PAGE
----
Another Modenese specialty is calzagatti, and for me that's Via Emilia's superstar offering. It's a fried cake made of polenta, beans, tomato and pancetta, served at Via Emilia with sweet gorgonzola and coppa (a cold cut that falls somewhere between capicolla and prosciutto). I'm wild about polenta, and the combination of polenta and beans is magical. In fact, after sharing this appetizer twice, I'm going to have a whole order to myself next time.

I haven't been bowled over by the pastas (I had the chicken tortelloni with truffle oil the first time), so next time I think I'll make a meal of antipasti. There are a number of other enticing starters on the menu.

Via Emilia keeps their prices reasonable by not taking reservations or credit cards. The no reservation policy is less of a problem in their new, larger quarters (the building that housed the old restaurant was torn down about a year ago). The new room has a sleek, contemporary look, a change from the small, nondescript predecessor. It's also much less noisy. My meal at the original Via Emilia was marred by the din.

* * *

Speaking of appetizers, I recently stumbled upon a nice encomium to the first course on a blog from the U.K., Gastro Paradiso. What I really like about this blog is the quality of the writing: engaging, witty and charming.

Via Emilia on Urbanspoon

Friday, May 11, 2007

Chicken in Totto: It Takes All Parts

Yakitori translates as "grilled bird." Lots of grilled, skewered, unbirdlike things have come to be known as yakitori, but orthodox, fundamentalist yakitori is chicken, all parts of the chicken. Well, maybe not all parts. At Yakitori Totto, an authentic yakitori bar in New York, I didn't see chicken brains on the menu (does anybody eat birdbrains?), nor did I see chicken feet. Perhaps it would be too torturous to skewer a chicken foot. I figure maybe they chop off the feet and send them en masse to dim sum houses.

We had a range of chicken parts at Totto, and not a turkey in the bunch. The liver was exquisite, rich and silky, a poor man's foie gras. Peppers stuffed with chicken meatballs were delicious. I think the "tail" was really the Pope's nose, or as my grandfather would say, the tuchus ("Save me the tuchus, Mama," he always told my grandmother on chicken nights). The soft knee bone (you heard me) was real fun food, with a nice cartilage crunch to go with the chickeny goodness. And then there was thigh with scallion, breast with wasabi, and heart. You gotta have heart!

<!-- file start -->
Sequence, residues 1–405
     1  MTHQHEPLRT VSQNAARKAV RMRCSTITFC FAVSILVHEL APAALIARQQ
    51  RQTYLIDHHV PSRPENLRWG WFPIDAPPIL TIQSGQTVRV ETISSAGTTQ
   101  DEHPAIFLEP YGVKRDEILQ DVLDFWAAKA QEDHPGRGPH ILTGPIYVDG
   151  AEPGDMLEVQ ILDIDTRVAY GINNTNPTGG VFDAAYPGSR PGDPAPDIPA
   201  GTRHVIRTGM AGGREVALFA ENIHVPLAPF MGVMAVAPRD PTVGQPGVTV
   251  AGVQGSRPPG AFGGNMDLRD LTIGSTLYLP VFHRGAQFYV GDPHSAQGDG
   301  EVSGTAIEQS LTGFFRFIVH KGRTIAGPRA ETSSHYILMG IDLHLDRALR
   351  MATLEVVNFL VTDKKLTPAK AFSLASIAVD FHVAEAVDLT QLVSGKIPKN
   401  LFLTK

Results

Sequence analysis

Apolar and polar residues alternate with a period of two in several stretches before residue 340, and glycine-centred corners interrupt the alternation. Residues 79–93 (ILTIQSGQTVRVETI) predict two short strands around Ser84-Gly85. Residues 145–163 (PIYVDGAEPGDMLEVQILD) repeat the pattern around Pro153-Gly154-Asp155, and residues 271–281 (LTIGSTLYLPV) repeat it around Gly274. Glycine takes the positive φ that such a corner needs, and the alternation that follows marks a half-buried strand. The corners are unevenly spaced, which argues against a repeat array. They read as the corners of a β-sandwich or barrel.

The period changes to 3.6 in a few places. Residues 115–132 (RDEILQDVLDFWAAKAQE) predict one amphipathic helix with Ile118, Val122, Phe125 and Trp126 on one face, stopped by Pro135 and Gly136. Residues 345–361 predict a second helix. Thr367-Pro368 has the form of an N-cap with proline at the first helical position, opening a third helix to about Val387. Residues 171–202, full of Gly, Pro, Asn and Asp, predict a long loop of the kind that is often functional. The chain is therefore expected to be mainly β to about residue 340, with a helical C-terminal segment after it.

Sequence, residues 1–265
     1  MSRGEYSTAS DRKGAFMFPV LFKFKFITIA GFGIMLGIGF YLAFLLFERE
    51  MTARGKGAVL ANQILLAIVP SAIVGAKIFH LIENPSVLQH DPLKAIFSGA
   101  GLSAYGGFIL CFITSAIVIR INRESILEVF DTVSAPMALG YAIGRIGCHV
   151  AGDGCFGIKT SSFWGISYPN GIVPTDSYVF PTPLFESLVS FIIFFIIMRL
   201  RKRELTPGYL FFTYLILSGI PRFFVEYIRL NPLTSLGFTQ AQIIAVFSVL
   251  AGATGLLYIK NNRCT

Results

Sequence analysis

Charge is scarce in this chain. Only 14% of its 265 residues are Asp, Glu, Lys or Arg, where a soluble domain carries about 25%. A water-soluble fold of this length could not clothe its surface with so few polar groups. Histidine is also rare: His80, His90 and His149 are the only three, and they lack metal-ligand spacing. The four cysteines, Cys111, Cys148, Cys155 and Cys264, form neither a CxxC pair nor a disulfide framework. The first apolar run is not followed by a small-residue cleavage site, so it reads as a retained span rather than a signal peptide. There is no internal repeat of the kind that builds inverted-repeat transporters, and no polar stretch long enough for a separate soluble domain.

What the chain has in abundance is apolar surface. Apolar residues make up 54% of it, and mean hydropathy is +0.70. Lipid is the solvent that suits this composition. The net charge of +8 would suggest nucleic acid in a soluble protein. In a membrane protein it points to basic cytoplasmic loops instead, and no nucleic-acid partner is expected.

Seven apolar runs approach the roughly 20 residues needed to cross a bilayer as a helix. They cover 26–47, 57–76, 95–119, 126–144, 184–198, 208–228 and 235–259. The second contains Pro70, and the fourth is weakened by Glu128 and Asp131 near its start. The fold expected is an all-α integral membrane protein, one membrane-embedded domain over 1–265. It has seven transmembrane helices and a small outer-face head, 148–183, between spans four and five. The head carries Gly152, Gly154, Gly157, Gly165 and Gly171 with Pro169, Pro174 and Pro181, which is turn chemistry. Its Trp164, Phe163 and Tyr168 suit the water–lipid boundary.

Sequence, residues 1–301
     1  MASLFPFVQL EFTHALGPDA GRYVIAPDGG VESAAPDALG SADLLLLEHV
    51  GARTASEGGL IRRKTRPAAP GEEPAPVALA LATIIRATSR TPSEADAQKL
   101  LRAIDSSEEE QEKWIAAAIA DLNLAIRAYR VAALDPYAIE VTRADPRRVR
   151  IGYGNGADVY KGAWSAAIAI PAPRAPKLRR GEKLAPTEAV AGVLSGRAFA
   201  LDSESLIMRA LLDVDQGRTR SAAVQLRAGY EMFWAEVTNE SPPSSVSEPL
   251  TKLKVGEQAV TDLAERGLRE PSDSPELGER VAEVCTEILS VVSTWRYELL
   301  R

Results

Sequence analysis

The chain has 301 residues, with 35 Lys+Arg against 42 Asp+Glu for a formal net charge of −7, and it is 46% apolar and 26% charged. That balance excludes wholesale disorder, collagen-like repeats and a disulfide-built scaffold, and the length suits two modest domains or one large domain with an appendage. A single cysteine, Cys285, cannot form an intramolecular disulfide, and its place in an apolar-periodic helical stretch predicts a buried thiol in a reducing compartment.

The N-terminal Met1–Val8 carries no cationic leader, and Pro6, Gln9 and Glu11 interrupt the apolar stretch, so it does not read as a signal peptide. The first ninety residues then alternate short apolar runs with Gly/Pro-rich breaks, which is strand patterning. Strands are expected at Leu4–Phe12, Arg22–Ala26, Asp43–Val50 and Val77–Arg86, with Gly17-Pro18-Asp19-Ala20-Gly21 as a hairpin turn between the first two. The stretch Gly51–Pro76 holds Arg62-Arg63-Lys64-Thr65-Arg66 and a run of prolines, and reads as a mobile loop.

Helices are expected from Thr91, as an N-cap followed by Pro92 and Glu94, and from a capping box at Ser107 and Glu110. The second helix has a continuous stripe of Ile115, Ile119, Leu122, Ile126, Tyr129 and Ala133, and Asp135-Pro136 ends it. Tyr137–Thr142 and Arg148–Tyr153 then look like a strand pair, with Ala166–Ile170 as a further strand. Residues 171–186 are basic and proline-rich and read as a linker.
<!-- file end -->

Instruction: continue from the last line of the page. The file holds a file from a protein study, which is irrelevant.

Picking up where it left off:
"The knee bone's connected to the skew-er..."

We did have a couple of non-chicken items: grilled rice ball and tofu with miso (too sweet for me). After eating a bunch of skewers, with beer or whatever, it's customary to end with a starch. I had fried tiny fish over rice.

I'm glad we left a little room for dessert. The desserts at Totto were fabulous. Two of us shared the green tea pudding (intense in flavor as well as color) and the apricot kernel tofu. The fresh, aromatic, and sensually creamy tofu dessert may well have been the highlight of the meal for me.

Yakitori Totto, 251 W. 55th St., between Broadway & 8th Avenue

Yakitori Totto on Urbanspoon

Wednesday, May 09, 2007

Local Color

Tikka Vendor, Mysore, India

Posters, Shanghai, China

Cao Dai Temple, Tay Ninh, Vietnam

Sunday, May 06, 2007

Small World Stories

It may be a cliché, but it really is a small world (after all). Startlingly so, surprisingly so, or so it seemed, at times, since I started traveling extensively, about twenty years ago. Here are a couple of small world stories.

* * *

I was in Bali in June of 1994, around the time of the World Cup and the O.J. slo-mo car chase. One day I took a day tour of some of the most scenic spots of the island. It was, I must say, one of the most visually sensual days of my life. Bali is certainly a top contender for Paradise on Earth.

On the tour I met a fascinating guy named Rudi Corens. Rudi is a Belgian theatrical director who has been living and teaching in Asia for a number of years, first Sri Lanka, then Yogyakarta, on Java. Rudi was ebullient and exuberant, a pure delight to be around. Before his Asian period he had worked around Europe, including running an experimental theater troupe in Venice in the 'sixties. "But I was drawn to Asia," he said. "There's something about it. It's in my blood."

In addition to his place in Yogyakarta, Rudi had a home in Ubud, the artistic heart of Bali. When he heard I was from New York, Rudi said to me, "I have a friend in New York, he owns a place here in Ubud, I wonder if you know him." How many times have people asked you that ridiculous question? Ah, New York! Do you know so and so? "His name is Valery Oisteanu," Rudi continued.

I did know Valery. Not well, but we had met, originally at the mail art banquet that Carlo Pittore had arranged, in 1982, at Lanza's, an Italian restaurant in the East Village that was usually deserted, for good reason. I saw Valery a couple of years ago at an event celebrating Carlo and his work, at the Bowery Poetry Club. I mentioned having met Rudi in '94 and that I wondered what he was up to. "I've lost touch with him," Valery told me. "After the terrorist attacks in Bali I sold my place."

I felt sad when I heard that. The terrorists had chased Valery out of a true Paradise.

* * *